The sculpture of S. asper is intermediate between those of S. steinheili and S. caledonicus, being more closed and opaque, i.e., with fewer and notably narrower smooth spaces between the foveolae than in steinheili, but with at least a few narrow, smooth, shining interspaces on middle of the sides of head and sides of pronotum, and even a few very narrow ones on the truncal dorsum, yielding a sparkle here and there if looked for carefully. S. caledonicus lacks these shining spaces, though the rims of the foveolae themselves reflect some small weak points of light in the New Caledonia species.

In S. asper the petiole, postpetiole, and gastric dorsum are all densely punctate, and their surfaces are in general only moderately shining, the gaster more so than the nodes. Legs and scapes densely punctulate, opaque, femora weakly shining.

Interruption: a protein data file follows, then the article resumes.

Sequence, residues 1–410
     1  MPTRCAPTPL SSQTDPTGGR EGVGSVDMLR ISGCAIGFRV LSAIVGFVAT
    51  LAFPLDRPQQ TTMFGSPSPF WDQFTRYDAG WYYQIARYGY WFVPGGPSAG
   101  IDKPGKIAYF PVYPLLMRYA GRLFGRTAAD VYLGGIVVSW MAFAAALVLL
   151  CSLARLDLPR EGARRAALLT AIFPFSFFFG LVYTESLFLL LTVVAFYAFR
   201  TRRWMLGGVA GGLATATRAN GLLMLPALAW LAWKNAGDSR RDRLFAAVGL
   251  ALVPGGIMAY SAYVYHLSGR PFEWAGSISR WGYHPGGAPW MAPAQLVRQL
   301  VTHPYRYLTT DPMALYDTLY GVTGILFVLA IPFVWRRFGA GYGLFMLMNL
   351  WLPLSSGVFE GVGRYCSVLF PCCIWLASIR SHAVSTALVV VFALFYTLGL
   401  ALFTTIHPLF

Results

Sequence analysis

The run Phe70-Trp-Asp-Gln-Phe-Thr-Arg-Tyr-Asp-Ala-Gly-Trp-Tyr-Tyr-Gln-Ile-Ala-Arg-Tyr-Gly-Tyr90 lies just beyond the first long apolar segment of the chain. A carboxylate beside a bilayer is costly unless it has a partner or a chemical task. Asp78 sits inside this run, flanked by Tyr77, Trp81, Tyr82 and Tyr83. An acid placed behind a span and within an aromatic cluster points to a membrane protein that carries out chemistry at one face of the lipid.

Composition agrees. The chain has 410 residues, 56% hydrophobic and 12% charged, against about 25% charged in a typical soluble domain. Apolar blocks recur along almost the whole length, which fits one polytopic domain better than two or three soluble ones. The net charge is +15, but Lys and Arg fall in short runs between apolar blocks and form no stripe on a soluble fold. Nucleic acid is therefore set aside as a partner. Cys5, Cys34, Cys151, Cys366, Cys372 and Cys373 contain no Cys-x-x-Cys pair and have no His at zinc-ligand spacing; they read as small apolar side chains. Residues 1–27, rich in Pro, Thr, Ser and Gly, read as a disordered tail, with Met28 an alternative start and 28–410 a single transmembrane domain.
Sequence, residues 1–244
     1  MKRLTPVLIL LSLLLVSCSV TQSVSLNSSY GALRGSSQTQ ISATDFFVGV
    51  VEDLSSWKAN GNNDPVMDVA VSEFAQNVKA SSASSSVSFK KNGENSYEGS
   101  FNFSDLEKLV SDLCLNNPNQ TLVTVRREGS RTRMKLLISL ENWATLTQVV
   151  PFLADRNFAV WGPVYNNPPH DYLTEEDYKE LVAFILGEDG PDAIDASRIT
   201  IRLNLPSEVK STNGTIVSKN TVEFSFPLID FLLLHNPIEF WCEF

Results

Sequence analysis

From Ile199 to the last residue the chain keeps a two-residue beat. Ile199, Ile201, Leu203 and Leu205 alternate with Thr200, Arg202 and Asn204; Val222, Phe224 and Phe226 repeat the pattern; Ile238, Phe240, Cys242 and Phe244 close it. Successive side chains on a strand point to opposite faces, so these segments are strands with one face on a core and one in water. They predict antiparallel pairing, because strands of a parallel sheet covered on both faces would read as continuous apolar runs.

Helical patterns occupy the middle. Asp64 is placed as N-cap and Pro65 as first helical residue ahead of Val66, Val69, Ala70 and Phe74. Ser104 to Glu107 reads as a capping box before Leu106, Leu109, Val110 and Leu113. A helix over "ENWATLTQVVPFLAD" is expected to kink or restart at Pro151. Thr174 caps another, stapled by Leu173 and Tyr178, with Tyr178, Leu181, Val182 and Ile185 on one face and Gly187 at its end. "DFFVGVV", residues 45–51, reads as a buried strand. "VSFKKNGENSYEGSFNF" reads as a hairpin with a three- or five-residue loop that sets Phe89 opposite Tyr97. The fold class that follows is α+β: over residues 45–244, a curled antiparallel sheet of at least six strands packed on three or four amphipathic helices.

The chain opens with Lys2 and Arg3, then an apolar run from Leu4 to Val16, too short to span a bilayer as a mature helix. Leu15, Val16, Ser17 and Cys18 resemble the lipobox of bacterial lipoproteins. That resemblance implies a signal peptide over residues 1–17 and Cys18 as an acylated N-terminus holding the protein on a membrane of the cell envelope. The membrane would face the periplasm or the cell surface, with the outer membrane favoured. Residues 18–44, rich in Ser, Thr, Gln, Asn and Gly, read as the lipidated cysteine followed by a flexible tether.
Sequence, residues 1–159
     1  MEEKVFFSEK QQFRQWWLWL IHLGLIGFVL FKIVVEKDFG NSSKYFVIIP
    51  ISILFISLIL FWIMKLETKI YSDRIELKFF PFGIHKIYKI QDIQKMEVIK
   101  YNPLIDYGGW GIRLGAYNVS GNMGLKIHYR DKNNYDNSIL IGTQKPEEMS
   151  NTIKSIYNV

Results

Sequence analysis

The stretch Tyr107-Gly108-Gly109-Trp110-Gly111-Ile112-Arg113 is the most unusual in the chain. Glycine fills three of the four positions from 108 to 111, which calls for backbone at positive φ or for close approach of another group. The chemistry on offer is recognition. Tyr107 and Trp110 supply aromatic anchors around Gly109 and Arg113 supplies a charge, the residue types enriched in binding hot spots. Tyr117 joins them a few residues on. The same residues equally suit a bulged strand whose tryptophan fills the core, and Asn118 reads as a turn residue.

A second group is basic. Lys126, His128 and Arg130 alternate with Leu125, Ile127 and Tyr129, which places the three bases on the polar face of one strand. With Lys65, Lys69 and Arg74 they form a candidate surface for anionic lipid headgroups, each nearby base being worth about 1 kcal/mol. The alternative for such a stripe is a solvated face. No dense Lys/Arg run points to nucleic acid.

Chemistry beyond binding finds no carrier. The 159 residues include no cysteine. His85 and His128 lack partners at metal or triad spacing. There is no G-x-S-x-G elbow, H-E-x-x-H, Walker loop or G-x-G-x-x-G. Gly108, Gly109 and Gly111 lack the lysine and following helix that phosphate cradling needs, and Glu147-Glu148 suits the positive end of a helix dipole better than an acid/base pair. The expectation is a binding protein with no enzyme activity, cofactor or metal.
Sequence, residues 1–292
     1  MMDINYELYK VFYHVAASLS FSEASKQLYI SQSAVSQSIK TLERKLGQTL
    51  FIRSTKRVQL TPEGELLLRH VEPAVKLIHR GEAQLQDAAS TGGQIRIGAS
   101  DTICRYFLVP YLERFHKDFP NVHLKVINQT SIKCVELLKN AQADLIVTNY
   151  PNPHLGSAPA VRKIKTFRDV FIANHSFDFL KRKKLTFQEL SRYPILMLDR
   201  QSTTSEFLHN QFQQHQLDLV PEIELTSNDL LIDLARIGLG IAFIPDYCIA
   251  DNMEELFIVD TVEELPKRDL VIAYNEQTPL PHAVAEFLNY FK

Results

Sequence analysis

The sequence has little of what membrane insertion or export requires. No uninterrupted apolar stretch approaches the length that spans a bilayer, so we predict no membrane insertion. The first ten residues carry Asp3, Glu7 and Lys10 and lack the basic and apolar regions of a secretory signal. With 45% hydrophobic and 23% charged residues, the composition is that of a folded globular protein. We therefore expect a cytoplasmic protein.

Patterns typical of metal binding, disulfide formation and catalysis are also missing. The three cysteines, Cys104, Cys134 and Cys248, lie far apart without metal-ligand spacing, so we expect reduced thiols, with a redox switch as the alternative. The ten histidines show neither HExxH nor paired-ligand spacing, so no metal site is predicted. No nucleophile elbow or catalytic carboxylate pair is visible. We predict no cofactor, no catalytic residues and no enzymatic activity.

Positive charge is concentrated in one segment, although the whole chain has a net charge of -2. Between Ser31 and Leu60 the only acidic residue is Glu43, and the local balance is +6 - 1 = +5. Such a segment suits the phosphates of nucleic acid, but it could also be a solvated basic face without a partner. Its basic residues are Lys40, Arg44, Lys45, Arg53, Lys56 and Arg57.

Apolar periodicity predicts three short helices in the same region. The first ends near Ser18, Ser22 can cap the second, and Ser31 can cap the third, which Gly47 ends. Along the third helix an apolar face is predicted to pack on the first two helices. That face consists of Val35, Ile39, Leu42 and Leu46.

Pilosity short but abundant, tending to be appressed or decumbent over most of the body; a very few longer erect hairs, particularly near the apices of the gastric segments, may represent original standing pilosity, or may be the result of the brushing and ruffling needed to clean dirt particles from this old specimen. A few of these longer hairs on propodeum (perhaps ruffled erect), and a number at gastric apex, probably normally standing. Scapes and legs with appressed to decumbent pilosity.

Color uniform tawny yellow, the legs perhaps a bit lighter.


(Ergatoid): TL 3.9, HL 0.72, HW 0.54 (CI 75), ML 0.06, scape L 0.39, greatest diameter of compound eye 0.10, WL 0.94, petiolar node L 0.31, W 0.33, postpetiole L 0.40, W 0.48 mm.